So we abandoned our canoe, and with light packs set out for the Susan River without it.  I have believed until last summer that had we continued down the river in our canoe Hubbard’s life would have been spared.  Now I am satisfied that had Hubbard hearkened to Elson and me none of us would have survived.

On October 17 Hubbard collapsed.  He had expended the last remnant of his strength, and could walk no farther.  We were at the head of the Susan River Valley when this calamity occurred, one hundred miles from the post at Northwest River.

On the shores of Grand Lake, a few hundred yards from the mouth of the Susan River, and fifty miles from our camp, there was a trapper’s cabin.  This was untenanted when we entered the country, but natives at the post had informed us that trappers would occupy it during the winter.

In our weakened condition it was impossible for Elson and me to carry Hubbard, and after consultation it was decided that Elson should attempt to reach the cabin, and if he found men there lead them back to the relief of Hubbard and me.

Early in the summer we had abandoned, some twenty miles below our camp, a bag containing a few pounds of wet flour.  I was to accompany Elson as far as this, find the flour if possible, give Elson a portion of it to help him on his journey, and return to Hubbard to await assistance.

We were encamped at this time on the north side of the Susan River, just opposite the point where Goose Creek tumbles into it over a fall.  Our campfire was built against a big rock.  Our tent was pitched directly before it, with the front thrown open to receive the heat which the rock reflected.  I broke boughs for a bed, and that night, while Hubbard and Elson slept, sat watch to keep the fire ablaze, for the weather was raw and Hubbard was now sensitive to the cold.  These details have a particular bearing upon our present story.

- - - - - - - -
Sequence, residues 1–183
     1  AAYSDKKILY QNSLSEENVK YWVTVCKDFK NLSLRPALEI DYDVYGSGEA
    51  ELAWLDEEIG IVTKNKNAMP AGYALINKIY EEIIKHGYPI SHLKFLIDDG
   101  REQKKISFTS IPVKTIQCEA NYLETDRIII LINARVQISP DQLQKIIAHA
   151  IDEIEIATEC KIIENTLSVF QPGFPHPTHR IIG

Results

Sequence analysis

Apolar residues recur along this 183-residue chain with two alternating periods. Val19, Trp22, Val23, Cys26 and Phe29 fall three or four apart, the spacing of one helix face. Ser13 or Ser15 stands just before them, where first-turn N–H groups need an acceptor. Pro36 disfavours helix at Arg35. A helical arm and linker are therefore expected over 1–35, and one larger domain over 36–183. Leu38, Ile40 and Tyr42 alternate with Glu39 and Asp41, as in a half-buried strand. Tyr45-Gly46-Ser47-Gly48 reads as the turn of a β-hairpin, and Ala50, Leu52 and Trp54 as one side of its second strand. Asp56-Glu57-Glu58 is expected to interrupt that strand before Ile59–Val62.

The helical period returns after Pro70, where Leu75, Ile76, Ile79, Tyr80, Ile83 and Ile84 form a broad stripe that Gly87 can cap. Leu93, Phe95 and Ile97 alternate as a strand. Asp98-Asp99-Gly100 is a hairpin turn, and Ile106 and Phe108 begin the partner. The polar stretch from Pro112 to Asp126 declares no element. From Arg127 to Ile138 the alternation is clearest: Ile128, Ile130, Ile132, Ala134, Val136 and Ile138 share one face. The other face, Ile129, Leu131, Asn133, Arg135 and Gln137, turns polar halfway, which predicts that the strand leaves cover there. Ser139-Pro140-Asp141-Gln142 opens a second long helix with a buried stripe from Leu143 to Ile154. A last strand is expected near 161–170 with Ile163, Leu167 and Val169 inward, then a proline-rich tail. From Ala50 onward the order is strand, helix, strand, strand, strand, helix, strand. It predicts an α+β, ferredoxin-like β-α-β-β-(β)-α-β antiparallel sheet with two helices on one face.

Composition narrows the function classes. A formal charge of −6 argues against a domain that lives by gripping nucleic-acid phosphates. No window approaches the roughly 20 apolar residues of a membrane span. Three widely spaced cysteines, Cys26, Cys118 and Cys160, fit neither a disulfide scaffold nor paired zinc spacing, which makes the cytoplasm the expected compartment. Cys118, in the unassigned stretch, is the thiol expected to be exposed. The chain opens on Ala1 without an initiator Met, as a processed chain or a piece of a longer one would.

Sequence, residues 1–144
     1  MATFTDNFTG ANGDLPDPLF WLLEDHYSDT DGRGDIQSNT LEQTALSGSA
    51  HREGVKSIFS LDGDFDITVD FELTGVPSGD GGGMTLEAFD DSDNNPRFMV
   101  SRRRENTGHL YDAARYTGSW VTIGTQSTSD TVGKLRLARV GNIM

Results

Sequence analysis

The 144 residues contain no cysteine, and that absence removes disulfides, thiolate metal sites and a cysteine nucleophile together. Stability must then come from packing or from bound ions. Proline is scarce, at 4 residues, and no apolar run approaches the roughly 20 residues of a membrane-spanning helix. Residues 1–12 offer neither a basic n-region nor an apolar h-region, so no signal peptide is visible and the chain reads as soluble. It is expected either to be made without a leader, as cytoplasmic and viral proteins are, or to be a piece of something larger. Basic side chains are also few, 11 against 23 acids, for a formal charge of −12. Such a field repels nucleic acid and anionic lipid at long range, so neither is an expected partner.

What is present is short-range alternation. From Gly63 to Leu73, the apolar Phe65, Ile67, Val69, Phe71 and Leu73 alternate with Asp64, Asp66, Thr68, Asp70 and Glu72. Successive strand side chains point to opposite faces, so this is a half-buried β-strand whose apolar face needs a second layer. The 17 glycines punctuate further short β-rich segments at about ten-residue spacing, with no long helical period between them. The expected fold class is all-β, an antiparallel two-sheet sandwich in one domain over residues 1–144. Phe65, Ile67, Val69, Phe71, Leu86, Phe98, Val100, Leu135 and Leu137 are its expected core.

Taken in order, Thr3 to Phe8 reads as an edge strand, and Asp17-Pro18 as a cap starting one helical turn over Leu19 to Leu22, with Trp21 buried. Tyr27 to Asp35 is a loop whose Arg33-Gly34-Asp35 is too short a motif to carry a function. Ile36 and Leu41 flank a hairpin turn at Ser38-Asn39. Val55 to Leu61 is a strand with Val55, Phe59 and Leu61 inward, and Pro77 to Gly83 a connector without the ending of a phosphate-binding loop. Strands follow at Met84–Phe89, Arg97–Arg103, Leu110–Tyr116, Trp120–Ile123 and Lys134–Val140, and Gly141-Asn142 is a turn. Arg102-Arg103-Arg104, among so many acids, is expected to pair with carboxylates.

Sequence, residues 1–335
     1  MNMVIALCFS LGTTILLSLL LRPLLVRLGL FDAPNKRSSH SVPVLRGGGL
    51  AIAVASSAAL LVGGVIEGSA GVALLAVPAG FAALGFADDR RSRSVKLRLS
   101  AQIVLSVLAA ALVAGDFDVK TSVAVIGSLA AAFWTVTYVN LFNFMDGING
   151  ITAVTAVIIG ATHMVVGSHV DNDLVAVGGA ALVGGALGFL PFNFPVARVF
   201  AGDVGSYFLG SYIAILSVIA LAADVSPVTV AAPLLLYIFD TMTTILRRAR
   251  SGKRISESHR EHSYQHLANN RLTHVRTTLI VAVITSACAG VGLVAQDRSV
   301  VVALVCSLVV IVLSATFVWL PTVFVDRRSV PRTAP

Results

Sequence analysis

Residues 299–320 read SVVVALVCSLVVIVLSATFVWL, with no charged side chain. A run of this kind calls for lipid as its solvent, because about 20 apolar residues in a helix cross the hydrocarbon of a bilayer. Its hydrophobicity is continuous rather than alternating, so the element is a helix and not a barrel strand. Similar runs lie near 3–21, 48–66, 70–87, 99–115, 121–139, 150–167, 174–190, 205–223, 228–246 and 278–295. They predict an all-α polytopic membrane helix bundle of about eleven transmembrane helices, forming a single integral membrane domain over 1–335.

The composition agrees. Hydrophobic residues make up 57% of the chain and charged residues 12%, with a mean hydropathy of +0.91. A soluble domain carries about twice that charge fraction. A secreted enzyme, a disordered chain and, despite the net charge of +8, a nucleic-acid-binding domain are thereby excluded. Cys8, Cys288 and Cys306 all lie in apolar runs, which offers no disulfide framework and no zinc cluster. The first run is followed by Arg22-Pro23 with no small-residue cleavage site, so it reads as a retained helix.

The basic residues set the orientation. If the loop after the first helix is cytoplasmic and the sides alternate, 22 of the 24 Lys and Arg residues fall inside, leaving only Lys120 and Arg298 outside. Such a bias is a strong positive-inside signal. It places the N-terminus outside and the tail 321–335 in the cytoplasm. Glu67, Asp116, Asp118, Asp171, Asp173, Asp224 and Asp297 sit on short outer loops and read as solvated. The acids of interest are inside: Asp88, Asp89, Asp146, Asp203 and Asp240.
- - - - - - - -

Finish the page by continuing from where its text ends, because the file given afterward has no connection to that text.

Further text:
In the morning the rain was falling accompanied by a cold northeast wind.  Elson and I piled wood for Hubbard to use upon the fire during my absence.  Then we filled our large kettle with water and placed it, with our cooking utensils, where he could easily reach it, near the fire.  He had a good supply of tea.  We left with him also our oft-boiled caribou bones and a piece of caribou hide, our only remaining food.

Elson and I were to travel light.  Each of us carried half a blanket, which was to serve as our only protection at night.  The remainder of our outfit consisted of tea and matches, and slung at each of our belts a cup and a ten-inch barrel, single shot, .22-calibre pistol.  Elson also had a small tea pail.

At Hubbard’s request, after our preparations for departure were completed, I sat by his side, as he reclined in the tent, and read aloud the fourteenth chapter of John and the thirteenth of First Corinthians.

As Elson and I entered the forest, a little way below the camp, I turned and looked back.  The tent stood in white silhouette against the dark, dripping fir trees, and the fire blazed against the big rock, but Hubbard, within he tent, could not be seen.  I was not to see the rock again for ten years, and I was never again to see Hubbard alive.

At midday we halted in a driving rain to make tea.  I believed we had no food, but Elson produced a half-pound package of pea meal.  Hubbard, he told me, had reserved it for a vital crisis, and gave it to him that morning while I was absent from the tent.  Where is there another instance of a starving, dying man giving the last morsel of wholesome food he possessed to others?  It was characteristic of Hubbard’ self-sacrificing heroism.

That night the rain turned to snow, but the next morning the weather cleared, and on the second night from camp—October 19—we found the flour.  It had been transformed into a spongy mass of green and black mold.

At dawn, on October 20, Elson and I parted in a driving snowstorm. The weather had grown bitterly cold .  Winter had come.

 

Next: Chapter IV: A Man's Game